Why the #MakeupFree Movement May Be Doing More Harm Than Good
I’m sure you’ve noticed it; models, actresses, “it-girls” and other familiar faces going #MakeupFree. Magazines are devoting whole issues to gorgeous celebrities flaunting their bare faces; perfectly plucked eyebrows, amazing lighting, angling on point and obviously photographed by professional photographers. ‘Wow, can you believe she’s not even wearing foundation?’, you think to yourself, ‘Thank God I have make-up’.
I am not criticizing the women, nor am I criticizing the magazines or the media in general, I get it; beauty is a strong and effective advertising tool and generates lot of likes “likes”, people love beauty and I love beauty. However, maybe the message of “feeling beautiful just the way that we are” gets a little lost when the portrayal of “natural beauty” seems equally unobtainable to photoshopped beauty?
All women are different, for incidence; all of my friends are absolutely gorgeous without any makeup, however, far from all of them feel comfortable that way. Some of my friends barely wear any makeup ever, or just on special occasions, while others wouldn’t dream of even going to the gym without putting at least some concealer and a stroke of mascara on. And that’s fine, whatever makes you feel good about yourself is absolutely fine – but everyone may not feel that way, and when celebrities are taking a stance against makeup it implies that there is something wrong with wanting or needing to wear it.
Personally, how I feel going makeup free is dependent on a wide range of different factors; how I feel on that particular day, time of the year, time of the month, how long it’s been since I have been exposed to the sun and/or whether or not my skin is acting out. I assume a lot of women feel the same way. In the middle of the summer or after a sunny vacation, when my skin has that beautiful sun-kissed glow – if I’ve had a good nights sleep, if I’m not on my period (or feeling puffy for some other reason) and my skin isn’t acting out, I feel amazing without makeup. If I feel good about my skin, I will go around flaunting my naked face like it’s nobody’s business (which it isn’t either). In the winter, on the other hand, when my face is a shade of pale that resembles blue more than nude, I would rather be caught dead than without at least a thin layer of foundation on – and that is fine. Applying makeup when I feel like it and not if I don’t, is one of the many things makes me feel comfortable being me.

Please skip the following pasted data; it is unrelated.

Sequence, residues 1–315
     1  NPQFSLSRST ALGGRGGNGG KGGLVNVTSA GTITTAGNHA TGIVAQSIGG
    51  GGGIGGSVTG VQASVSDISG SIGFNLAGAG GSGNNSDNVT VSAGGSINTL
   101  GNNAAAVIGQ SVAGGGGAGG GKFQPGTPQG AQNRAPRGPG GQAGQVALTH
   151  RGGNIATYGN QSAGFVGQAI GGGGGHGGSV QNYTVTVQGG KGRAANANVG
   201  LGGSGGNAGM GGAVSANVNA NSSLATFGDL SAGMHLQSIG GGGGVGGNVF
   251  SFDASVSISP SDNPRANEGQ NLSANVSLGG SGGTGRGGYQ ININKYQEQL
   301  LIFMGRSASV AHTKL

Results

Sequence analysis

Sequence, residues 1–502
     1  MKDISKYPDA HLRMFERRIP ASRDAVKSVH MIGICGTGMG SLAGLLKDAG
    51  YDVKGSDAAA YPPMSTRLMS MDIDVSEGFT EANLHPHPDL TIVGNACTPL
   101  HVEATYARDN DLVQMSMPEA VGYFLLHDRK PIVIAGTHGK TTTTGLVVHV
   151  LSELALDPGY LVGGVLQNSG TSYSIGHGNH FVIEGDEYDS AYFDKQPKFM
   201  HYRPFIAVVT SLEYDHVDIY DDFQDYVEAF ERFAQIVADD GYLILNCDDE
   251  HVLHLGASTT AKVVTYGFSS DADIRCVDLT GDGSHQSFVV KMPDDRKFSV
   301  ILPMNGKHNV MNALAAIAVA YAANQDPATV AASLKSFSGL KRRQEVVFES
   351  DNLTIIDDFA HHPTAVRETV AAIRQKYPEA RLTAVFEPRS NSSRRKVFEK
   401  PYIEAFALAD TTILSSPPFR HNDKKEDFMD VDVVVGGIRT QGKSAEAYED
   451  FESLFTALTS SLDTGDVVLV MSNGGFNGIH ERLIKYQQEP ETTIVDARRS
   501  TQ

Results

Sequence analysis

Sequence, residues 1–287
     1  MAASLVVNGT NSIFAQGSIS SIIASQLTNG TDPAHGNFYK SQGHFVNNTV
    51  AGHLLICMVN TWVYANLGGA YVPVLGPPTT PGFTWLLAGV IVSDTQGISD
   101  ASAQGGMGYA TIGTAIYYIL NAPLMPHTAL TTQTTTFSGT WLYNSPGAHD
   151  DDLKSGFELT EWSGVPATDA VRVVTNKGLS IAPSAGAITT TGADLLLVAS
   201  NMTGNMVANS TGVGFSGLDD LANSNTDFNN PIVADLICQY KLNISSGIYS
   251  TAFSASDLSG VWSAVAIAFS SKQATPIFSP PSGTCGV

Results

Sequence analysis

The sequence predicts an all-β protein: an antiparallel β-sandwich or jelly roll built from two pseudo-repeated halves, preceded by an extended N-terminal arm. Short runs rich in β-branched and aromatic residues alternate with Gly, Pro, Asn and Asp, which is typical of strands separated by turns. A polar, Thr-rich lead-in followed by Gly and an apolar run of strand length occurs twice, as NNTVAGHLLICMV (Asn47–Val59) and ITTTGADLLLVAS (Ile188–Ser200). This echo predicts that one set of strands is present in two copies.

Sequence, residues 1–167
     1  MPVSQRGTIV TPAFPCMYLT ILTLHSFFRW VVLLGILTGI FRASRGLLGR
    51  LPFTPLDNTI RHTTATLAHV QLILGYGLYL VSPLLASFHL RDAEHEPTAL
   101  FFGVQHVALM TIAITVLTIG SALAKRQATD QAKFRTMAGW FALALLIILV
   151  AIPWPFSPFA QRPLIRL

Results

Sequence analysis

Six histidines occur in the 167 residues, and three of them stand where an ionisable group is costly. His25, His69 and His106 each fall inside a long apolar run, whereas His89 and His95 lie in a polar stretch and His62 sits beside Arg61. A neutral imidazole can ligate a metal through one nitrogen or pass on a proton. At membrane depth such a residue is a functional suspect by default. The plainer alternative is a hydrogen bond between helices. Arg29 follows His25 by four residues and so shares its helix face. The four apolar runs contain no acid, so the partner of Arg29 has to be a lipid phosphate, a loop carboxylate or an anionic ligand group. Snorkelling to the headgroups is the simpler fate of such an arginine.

Last year, after having been exposed to an enormous amount of stress, I was diagnosed with a skin disease called Rocacea. It’s a chronic disease that manifests itself in different ways for different people; for me, the symptoms were a red rash with spots spreading out on both of my cheeks. There are different reasons why people get the disease and there is no universal treatment, but in my case it was clearly stress-related. Not having had any issues with my skin growing up (only having had to deal with the odd “period-pimple”), this situation completely threw me off my game and hit my confidence hard. I felt horrible about my skin and about myself, and at its worst I didn’t even feel comfortable leaving the house with makeup on. I honestly did not even feel like myself and felt ashamed of my skin, which I am now ashamed to admit. Fortunately for me, my skin healed back to its normal state after I went traveling alone for 5 weeks and did some serious de-stressing. However, the fact that I felt that horrible about the situation, being 27 years old at the time, made me think about what it must be like to struggle with your skin during puberty – at the time in our lives when we are at our most vulnerable and impressionable. This again made me think about the effect of the #MakeupFree movement; I’m pretty sure 16-year old girls struggling with their skin, or women of any age that do not feel comfortable without their makeup on for any reason, could find the #MakeupFree movement quite discouraging.
I’m sure celebrities and everyone participating in the #MakeupFree movement mean well, and I understand that it’s meant as a way of saying that we do not need to cover our faces because we are beautiful regardless (and we absolutely are), but in the end it’s how we feel about ourselves that is important; makeup or no make-up, both are equally fine.
What if we instead of focusing so much on the amount of makeup we apply or don’t apply to our faces, shifted the focus to what makes us feel good about the way we look? What if we started talking more about when we feel the most comfortable and the most like ourselves and stopped placing stigmas on the the tools we use to get there?
I’ll go first; At the moment, despite my tan, I feel the most comfortable wearing a thin layer of foundation and some concealer because I have been exposed to a lot of stress recently and my skin is acting out. I also use some bronzer on top, as well as color in my eyebrows and a bit of mascara. And that’s fine, because that’s me right now.
When do you feel the most comfortable in yourself?
[Please feel free to share your thoughts and reflections in the comments section]